Hearts of Iron Review


Hearts of Iron (HOI) is a grand strategic game of World War II that puts other strategy games to shame in terms of scope.  The entire globe is divided into territories, and while many World War II games have let you command forces in Western Europe and the South Pacific, not many have let you do both ... and also let you open up a front on the Indian subcontinent if you wanted.

HOI is a sequel of sorts, being built upon the Europa Universalis games.  However, it is not simply Europa Universalis with aircraft.  Paradox has added significantly more depth to the game with a complex and very detailed research and technology component, generals and government ministers, and coordinated attacks.  Unfortunately all of this depth has come at the cost of complexity, and HOI's interface is not quite up to the task.

Screenshots
Germany moves in on Austria in 1936.

The in-game tutorials only cover the basics of play and the manual is inconsistent, so many gamers will find the game overwhelming when they first sit down to play.  As soon as things get started you'll be bombarded by pop-up status messages informing you of every minute event occurring in the game.  Even an army moving to an adjacent friendly territory generates a pop-up message.  If the game speed is set to a faster speed, the screen will literally fill up with dozens of messages.  The messages also appear in a log at the bottom of the screen, so it is a mystery why every event needs a pop-up message as well.  The game will begin with the tedious process of right-clicking on each class of message and specifying that it should not appear in a pop-up window.  An options menu allows you to go through all of the types of messages and specify whether it should be displayed or not, but there is no way to select multiple messages - you need to turn off the dozens of messages individually.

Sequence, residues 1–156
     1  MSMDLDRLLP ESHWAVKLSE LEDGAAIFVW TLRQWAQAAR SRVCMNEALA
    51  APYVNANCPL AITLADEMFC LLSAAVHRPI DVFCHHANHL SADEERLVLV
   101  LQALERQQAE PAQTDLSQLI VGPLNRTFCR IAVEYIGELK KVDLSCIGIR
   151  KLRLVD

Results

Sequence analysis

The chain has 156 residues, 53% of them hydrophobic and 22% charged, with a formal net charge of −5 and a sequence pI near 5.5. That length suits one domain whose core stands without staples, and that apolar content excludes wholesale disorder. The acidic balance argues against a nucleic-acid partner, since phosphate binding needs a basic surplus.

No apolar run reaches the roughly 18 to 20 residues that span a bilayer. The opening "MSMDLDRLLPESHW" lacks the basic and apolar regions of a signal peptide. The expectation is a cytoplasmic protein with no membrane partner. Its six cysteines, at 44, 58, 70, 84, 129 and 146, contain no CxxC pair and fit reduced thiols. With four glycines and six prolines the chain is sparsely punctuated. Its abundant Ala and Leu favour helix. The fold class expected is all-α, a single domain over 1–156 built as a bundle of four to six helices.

The game is filled with such interface issues.  For example, when deploying newly available troops you need to scroll through a long list that combines available units with those still under construction.  There is no way to sort units by type or status.  When you find a unit that is ready for deployment, you need to click on a green colored territory.  This is not mentioned in the manual or specified in the tutorial, and if you click on a territory of a different color, you are taken to that territory's production screen without any message informing you why your selection was invalid.  Why are there messages when a unit moves to a new zone but none for invalid orders?  Furthermore, once you figure out how to deploy units (not that you'll necessarily understand why some territories are OK for deployment while others or not, or why these territories are different for different units) the list will scroll back to the top.  As an example, at the start of the 1939 scenario Germany has a lot of naval units in production and a number of army units ready to deploy.  Right at the start of the game you're stuck with a long cycle of scrolling down to the army units, looking for green territories, clicking on one, returning to the list and scrolling down, etc.  An auto-deploy option or support for multiple selection would have been nice, to say the least.

If you're looking for a quick-fix of world domination or making the world safe for democracy, then this game is not for you.  HOI requires a lot of dedication to figure out just how to manage all of the research options, economic sliders, generals and cabinet ministers, and diplomatic options.  The game progresses in real-time, but there is so much to keep track of that you'll spend most of the time with the game paused.  The lack of global setting controls or a single interface for managing territories means that you need to click through each territory one by one to manage it.  The US alone is divided into 30+ territories, so you can imagine how much work this involves.